Friday, July 19, 2013

It Came From the Eighties!

I've always been fascinated by different periods of history and also by how those different times look to our minds' eyes as we think about them, whether we were there or have only read about them in history books or seen movies set in those years. Each decade seems to have certain elements that end up as archetypes that define, in the minds of many people, that particular series of years. When I think about my own life and the different decades I've lived through, I realize that the 1980s had a very strong impact on my development as a person and, years later, as a writer. Of course the 80s did, for that was the decade that contained most of my childhood. I was 3 in 1980 and 12 in 1989, and that's the part of life where the imagination really forms and certain images and themes embed themselves in the mind of a creative person. So I find myself considering which things that could only have happened in the Eighties really stuck in my head and had something to do with the person and writer I turned out to be. Here are some that come to mind.  

Yes, I realize the first Star Wars movie came out in the late 70s, but the two sequels were in the 80s and the cultural craze those movies prompted lasted well into my childhood. I don't know if any other series of movies has ever had such an impact on so many children as Star Wars. The movies, its characters, the action figures, comic books, and everything else that had anything to do with George Lucas's science-fantasy saga surrounded us, penetrated us, and bound us all together just as the Force did in his movies. And for any kid who grew up wanting to be Luke or Han or Leia or even Darth Vader, the Force is still with us now.

This had nothing to do with music. When I was a very young kid in the early 80s, I had no idea that Iron Maiden was a band. I had never heard one of their songs. But those shirts seemed to be everywhere. You couldn't walk through the local mall without seeing at least one teenager wearing one of those shirts with their gruesome designs. They were scary! And that fascinated me. Seeing one of those shirts was like catching a brief glimpse into a strange nightmare world, and I loved the mystery of that feeling.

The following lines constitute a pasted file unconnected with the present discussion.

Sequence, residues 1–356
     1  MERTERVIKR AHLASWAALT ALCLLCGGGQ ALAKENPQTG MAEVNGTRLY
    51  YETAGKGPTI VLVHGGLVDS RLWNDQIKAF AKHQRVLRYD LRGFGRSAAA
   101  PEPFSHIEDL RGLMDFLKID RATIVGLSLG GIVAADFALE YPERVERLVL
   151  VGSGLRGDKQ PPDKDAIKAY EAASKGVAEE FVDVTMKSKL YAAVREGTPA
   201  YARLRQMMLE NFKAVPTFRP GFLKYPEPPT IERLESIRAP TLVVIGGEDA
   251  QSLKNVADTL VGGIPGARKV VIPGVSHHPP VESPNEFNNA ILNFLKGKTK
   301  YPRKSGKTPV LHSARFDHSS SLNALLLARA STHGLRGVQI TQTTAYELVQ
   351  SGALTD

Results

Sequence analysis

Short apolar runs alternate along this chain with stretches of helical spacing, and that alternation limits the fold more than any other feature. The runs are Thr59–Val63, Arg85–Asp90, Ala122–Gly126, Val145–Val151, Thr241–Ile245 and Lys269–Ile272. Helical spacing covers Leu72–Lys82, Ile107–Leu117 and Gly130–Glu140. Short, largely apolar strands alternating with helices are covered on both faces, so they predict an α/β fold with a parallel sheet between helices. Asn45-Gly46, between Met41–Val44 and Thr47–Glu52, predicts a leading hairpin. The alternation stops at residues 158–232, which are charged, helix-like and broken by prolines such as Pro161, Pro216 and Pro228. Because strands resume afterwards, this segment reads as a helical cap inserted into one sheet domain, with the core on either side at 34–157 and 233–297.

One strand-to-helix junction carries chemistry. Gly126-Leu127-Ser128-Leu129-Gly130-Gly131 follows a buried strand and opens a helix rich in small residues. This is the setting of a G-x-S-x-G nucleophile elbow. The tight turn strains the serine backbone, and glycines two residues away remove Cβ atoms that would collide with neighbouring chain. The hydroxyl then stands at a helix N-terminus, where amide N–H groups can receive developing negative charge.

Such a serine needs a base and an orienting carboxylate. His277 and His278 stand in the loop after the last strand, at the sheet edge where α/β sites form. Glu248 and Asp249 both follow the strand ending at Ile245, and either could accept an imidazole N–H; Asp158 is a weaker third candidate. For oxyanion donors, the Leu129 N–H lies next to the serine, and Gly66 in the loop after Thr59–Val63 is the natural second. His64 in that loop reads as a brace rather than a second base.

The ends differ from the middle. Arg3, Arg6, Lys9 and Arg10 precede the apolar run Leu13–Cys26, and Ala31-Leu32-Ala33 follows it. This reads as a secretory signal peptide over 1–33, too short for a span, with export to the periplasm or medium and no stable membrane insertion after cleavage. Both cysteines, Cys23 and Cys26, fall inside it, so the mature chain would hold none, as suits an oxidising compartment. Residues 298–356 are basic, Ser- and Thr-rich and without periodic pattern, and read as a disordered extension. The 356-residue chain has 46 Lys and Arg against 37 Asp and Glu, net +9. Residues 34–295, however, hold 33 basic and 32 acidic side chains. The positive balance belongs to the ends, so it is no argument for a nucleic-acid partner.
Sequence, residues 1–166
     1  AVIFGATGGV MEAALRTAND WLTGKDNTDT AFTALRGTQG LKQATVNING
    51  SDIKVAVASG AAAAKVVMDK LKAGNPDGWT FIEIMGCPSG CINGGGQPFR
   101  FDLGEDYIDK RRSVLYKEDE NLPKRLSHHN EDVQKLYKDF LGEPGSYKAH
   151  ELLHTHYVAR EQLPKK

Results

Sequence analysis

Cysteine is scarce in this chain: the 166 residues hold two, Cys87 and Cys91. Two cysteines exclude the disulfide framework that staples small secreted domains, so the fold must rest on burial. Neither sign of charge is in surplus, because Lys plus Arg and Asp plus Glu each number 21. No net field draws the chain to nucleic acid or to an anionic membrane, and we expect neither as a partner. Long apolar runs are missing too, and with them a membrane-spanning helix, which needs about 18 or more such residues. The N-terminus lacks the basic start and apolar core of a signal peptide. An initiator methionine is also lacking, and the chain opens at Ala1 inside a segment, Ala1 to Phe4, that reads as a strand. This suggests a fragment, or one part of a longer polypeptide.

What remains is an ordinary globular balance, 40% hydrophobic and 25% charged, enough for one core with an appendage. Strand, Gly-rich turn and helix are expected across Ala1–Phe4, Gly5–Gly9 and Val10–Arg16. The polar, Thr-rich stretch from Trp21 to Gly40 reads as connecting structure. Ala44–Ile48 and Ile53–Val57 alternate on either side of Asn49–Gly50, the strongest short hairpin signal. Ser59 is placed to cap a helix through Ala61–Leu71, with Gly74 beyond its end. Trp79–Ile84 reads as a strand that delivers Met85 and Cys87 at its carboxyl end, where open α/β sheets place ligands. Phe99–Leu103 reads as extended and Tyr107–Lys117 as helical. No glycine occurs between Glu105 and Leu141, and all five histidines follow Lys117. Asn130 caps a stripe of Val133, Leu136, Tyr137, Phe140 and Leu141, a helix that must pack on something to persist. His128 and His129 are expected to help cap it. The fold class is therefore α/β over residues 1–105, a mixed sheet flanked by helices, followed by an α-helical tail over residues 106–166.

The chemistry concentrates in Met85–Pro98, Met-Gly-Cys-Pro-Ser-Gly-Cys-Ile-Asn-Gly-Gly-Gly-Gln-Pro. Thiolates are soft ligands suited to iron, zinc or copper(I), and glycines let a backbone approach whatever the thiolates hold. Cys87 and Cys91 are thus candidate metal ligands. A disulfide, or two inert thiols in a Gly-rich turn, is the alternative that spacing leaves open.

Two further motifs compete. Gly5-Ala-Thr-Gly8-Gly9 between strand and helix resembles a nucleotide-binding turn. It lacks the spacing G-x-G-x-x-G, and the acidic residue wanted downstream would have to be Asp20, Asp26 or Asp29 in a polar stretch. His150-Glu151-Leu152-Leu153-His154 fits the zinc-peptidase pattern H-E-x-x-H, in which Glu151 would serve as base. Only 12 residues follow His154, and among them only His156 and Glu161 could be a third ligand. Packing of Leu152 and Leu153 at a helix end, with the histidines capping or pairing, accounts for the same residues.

While I'm all for advances in technology and I think today's video games are wonderful to look at in all their realistic, precise detail (although I don't play them often), I'm glad I grew up at a time when the graphics were simpler and didn't look so much like perfect pictures of what they were supposed to be. Why? Because seeing what was on the screen and simultaneously seeing what you imagined the little colorful blips would really look like gave the imagination quite a workout! As I thrilled to The Legend of Zelda or Castlevania, I was seeing both the fuzzy little monsters on the TV and the frightful things they would have been if those images had been able to replicate what the story told me they were.

There were some really weird looking rock stars in the 80s, and they made some interesting little films to go with their songs. As a kid seeing the New Wave videos or Michael Jackson's "Thriller" or so many other videos, it really didn't matter too much to me if I liked the music or not. The images that went with the songs sometimes sent my mind in interesting directions in ways that a song alone or a regular movie couldn't.

Anyone who reads this blog regularly knows that Sherlock Holmes is my favorite fictional character. I was very, very lucky to have discovered the Great Detective at a time when the most faithful series of film adaptations was being produced. Beginning in 1984, Jeremy Brett played Holmes in a Grenada Television series that adapted over 40 of Sir Arthur Conan Doyle's mysteries. They were as close to perfect as adaptations can be.

Putting him on my list has nothing to do with his specific politics, but rather his presence during the years in which I grew up. Having such a high-profile president in office at the time when I was first learning something about the history and government of my country made those subjects even more interesting to me. My opinions of what Reagan or any other president did or didn't do while in office are beyond the subject matter of this blog entry, but as a character in my early impressions of the world, Reagan deserves mention here.

If you do the math, you'll realize that I was only 5 when Fast Times at Ridgemont High came out. No, I wasn't that precocious! But when it showed up on TV a few years later....let's just say it made quite an impression on me. As I later learned, it wasn't just me. When men of a certain age discuss certain things that had important impacts on their childhood, that movie (and especially that scene, with its soundtrack by The Cars) usually makes the list. 

If I thought about it for longer and really let my mind wander back through those years, I could probably come up with dozens, maybe hundreds of things from the 80s that influenced me then and still do today, but I've spent enough time in the past for one blog. Maybe I'll do a sequel some day.  

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